Efforts underway to restore 200-year-old N.S. cemetery
Members of a community in Nova Scotia’s Antigonish County are joining forces to restore a nearly 200-year-old historic cemetery.
“The graveyard was put in here, oh, sometime in the early 1800s,” says project organizer Joe Stewart. “It’s a Catholic graveyard for all the old-time Scotsmen that used to live in this area and built this area up.”
Paddy’s Hollow Cemetery in Lanark holds special meaning for Stewart, who remembers digging graves at the age of 14.
“So I’ve known about it a long, long time and I got a little bit upset at the neglect that was here,” he says.
Stewart says there have only been a few burials at Paddy's Hollow over the last 20 or 30 years and some headstones are starting to crumble and fall, so he decided to start a campaign to restore the old cemetery.
One of the first features to be cleaned up was an old sundial, gifted from a local engineer in 1939. Andrew MacGillivray also commissioned a large monument in the cemetery, which was almost black before it was cleaned last summer.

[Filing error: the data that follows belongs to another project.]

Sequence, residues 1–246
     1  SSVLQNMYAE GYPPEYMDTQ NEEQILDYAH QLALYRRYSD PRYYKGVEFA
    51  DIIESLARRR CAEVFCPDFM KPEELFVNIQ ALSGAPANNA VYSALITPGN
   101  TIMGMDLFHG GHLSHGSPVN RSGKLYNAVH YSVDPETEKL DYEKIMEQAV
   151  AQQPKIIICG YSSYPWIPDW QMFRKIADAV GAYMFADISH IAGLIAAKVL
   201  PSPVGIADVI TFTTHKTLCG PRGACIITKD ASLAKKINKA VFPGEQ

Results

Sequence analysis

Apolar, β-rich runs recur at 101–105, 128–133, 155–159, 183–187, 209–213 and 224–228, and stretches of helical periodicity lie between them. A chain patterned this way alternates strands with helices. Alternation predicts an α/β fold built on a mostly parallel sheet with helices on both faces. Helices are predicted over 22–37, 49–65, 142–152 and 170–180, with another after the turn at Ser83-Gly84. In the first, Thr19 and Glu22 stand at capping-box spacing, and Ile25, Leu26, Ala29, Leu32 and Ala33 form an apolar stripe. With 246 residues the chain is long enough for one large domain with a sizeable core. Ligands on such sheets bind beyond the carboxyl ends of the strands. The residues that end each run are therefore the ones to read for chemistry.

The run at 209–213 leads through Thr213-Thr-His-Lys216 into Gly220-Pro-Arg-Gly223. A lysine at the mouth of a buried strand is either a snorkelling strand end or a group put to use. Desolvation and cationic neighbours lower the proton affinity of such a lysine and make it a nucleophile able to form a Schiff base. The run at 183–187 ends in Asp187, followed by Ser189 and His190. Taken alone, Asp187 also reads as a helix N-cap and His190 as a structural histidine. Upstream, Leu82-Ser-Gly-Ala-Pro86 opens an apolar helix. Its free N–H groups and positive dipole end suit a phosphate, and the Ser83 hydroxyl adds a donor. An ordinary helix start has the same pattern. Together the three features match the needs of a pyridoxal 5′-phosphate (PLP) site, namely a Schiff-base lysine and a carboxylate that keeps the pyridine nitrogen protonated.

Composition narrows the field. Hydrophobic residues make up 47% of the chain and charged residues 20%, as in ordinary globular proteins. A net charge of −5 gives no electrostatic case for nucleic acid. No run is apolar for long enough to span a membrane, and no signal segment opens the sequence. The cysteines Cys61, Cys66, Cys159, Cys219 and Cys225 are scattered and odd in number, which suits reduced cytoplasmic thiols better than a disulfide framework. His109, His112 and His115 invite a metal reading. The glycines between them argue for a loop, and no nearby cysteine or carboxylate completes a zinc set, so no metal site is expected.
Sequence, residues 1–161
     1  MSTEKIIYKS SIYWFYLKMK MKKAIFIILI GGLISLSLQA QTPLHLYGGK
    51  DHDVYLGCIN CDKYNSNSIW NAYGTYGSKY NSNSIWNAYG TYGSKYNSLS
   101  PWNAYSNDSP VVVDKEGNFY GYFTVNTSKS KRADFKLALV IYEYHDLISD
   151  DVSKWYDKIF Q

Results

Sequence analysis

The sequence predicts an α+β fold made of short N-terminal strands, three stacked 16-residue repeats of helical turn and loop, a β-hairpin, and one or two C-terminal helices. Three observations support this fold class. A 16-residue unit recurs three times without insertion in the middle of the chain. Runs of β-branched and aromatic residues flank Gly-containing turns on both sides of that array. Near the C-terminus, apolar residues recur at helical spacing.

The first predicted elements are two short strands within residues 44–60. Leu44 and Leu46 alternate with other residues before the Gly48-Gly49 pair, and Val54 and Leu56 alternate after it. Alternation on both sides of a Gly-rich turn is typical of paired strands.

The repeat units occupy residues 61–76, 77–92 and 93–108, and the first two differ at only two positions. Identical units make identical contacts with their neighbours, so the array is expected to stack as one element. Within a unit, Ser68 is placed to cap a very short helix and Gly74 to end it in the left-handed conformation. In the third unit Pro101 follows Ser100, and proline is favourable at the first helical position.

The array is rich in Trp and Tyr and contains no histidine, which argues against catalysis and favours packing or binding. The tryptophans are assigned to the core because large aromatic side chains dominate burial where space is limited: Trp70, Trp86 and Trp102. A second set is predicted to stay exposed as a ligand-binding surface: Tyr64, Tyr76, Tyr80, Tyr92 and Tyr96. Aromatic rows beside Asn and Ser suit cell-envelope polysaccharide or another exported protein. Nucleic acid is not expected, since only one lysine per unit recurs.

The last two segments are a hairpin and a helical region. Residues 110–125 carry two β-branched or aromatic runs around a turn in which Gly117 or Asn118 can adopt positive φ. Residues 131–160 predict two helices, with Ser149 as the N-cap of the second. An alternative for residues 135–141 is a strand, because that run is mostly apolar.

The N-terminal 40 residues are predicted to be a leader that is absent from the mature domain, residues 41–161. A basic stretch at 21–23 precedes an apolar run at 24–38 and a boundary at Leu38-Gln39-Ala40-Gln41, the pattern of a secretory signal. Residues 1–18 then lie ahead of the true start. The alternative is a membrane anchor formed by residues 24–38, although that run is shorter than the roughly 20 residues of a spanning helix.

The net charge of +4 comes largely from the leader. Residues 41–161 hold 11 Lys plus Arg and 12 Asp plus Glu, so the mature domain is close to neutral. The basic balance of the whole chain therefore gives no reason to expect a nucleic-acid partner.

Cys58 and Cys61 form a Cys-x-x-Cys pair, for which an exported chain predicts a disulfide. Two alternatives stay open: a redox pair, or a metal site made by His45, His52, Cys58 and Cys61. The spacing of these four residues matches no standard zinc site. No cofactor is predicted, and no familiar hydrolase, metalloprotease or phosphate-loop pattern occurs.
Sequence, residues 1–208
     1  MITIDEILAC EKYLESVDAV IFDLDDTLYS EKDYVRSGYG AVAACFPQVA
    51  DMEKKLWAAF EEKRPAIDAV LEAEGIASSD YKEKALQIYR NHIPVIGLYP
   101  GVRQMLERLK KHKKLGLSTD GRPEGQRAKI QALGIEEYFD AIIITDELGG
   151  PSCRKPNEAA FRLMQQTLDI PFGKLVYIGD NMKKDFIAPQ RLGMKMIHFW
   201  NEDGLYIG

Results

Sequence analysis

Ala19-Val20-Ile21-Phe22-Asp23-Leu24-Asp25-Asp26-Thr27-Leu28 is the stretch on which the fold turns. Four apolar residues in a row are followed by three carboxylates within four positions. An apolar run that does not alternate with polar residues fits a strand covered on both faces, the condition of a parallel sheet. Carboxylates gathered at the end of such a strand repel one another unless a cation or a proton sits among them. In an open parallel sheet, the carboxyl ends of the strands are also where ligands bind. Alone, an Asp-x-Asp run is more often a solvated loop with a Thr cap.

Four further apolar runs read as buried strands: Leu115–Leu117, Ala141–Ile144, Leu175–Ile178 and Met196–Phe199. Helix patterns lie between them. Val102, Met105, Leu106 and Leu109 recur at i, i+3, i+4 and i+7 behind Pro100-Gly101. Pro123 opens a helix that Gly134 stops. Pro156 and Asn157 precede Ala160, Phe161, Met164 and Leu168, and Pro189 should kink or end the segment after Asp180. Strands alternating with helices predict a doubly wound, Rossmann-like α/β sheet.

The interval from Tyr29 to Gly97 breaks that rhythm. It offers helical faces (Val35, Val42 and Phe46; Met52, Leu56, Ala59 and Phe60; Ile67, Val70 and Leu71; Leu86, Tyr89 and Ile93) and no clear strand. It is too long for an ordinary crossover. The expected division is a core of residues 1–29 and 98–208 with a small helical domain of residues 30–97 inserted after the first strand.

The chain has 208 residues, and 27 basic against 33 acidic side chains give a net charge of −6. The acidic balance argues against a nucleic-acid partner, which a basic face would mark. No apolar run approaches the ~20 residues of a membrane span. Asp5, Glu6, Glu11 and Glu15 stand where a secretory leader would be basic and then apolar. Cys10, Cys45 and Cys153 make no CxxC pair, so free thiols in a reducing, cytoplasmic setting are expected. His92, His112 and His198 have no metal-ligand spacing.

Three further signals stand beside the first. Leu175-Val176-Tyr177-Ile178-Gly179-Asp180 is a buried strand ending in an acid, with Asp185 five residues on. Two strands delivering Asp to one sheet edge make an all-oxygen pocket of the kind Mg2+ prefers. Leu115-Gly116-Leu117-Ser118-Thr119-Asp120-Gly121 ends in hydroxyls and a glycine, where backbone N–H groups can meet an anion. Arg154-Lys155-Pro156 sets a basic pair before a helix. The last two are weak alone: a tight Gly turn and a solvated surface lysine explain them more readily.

“To our great surprise, there was an inscription in Gaelic on the front of it and on the back, in the English, it says ‘We have here no abiding city’,” says Stewart.
But not everyone buried at Paddy’s Hollow has a headstone, says Stewart, so phase three of the restoration project includes erecting a monument with their names inscribed on it.
“We’re up to about 92 people that have been buried here, and I think we’ve got them all, but it took about two or three years to do all this research,” he says.
Stewart says it’s important those buried in Paddy’s Hollow are not forgotten, and an ongoing private fundraising campaign is helping him achieve that goal.
With files from CTV Atlantic's Dan MacIntosh